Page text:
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THE ENGLISH LANGUAGE:
A COMPLETE ENCYCLOPEDIC LEXICON, LITERARY, SCIENTIFIC,
JOHN OGILVIE, LL.D.,
Author of " The Comprehensive English Dictionary," "The Student's English Dictionary," &c. <£c.
CHARLES ANNANDALE, M.A.
ILLUSTRATED BY ABOVE THREE THOUSAND ENGRAVINGS PRINTED IN THE TEXT.
BLACKIE & SON, 49 AND 50 OLD BAILEY, EC;
GLASGOW, EDINBURGH, AND DUBLIN.
The present volume forms the first instalment of a New Edition of The Imperial DicTionary—a work which has heen accepted as a standard Lexicon of the English Language, and as one of the most extensively useful for the purposes of general reference and everyday requirement, for more than a quarter of a century. Since its first appearance, however, the advances made in the arts and sciences have been remarkably great, and multitudes of new words connected with all departments of human thought and action have been introduced or come into general use; hence a new and greatly augmented edition of this important work will no doubt be welcomed by all who value a Dictionary both full in vocabulary and ample in treatment.
This New Edition has been in preparation for above TEN YEARS, and so greatly has the vocabulary been augmented, and so extensive and important are the changes resulting from the revision, that the Imperial Dictionary, as now issued, may justly claim to be considered substantially a New Work.
The words or separate entries comprised in it will be increased by about a third, being now estimated in all at 130,000—a larger number than is contained in any other similar Dictionary.
As a Literary Dictionary it is intended to supply a key to the written works in the language, and an aid to the use of the language itself, by registering and explaining the various meanings which are or have been attached to words by writers both new and old, by explaining idiomatic phrases and peculiar constructions, by distinguishing obsolete from current meanings and usages, and by carefully distinguishing between words closely synonymous in signification. And as the real meanings of words and the grammatical constructions into which they enter are generally most clearly shown by means of illustrative quotations, vast numbers of these are given, many thousands of them being inserted in the present edition for the first time.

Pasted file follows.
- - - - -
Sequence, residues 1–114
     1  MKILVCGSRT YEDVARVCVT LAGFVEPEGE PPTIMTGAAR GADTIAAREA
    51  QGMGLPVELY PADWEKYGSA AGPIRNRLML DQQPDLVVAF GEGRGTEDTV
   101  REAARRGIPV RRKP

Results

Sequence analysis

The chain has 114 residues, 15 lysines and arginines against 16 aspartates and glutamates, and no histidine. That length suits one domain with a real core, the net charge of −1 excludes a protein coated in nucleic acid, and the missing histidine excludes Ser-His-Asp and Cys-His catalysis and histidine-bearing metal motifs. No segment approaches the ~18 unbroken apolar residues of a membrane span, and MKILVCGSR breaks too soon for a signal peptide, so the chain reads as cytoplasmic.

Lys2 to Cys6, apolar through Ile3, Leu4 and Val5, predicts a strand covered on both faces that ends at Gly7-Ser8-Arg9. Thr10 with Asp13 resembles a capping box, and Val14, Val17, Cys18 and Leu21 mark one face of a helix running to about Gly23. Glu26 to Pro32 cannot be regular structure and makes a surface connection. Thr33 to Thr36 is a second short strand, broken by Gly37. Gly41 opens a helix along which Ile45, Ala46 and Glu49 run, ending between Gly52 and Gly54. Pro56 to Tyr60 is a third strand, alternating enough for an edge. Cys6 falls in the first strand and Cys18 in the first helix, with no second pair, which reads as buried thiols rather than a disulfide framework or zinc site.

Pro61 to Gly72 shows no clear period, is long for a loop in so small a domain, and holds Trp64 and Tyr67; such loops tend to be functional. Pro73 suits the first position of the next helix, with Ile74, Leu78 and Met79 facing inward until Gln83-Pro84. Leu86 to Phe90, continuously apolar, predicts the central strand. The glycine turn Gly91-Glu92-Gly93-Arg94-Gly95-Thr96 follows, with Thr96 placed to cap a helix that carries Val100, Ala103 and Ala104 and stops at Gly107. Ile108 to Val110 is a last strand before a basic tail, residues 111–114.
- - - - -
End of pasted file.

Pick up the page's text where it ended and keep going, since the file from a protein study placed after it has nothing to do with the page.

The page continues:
As an Enclyclopedic Dictionary it does not confine itself merely to giving the meanings of words, it gives also as a rule some account of the things to which words are applied, supplying valuable information in regard to subjects upon which a bare definition would convey little or no information. The encyclopedic character of the work adds greatly to its real usefulness as a book of reference, and, in conjunction with the numerous interesting quotations it contains, relieves it of the imputation common to Dictionaries of being unattractive reading. In fact, as was said in the preface to the former edition: "A simple inspection of its pages will show that, wherever it may be opened, The Imperial Dictionary presents something to interest and instruct—some useful fact stated in concise terms—some important maxim or sentiment in religion, morality, law, or civil policy; so that the charge usually preferred against English Dictionaries, namely, that they furnish but dry sort of reading, will not apply to this Dictionary."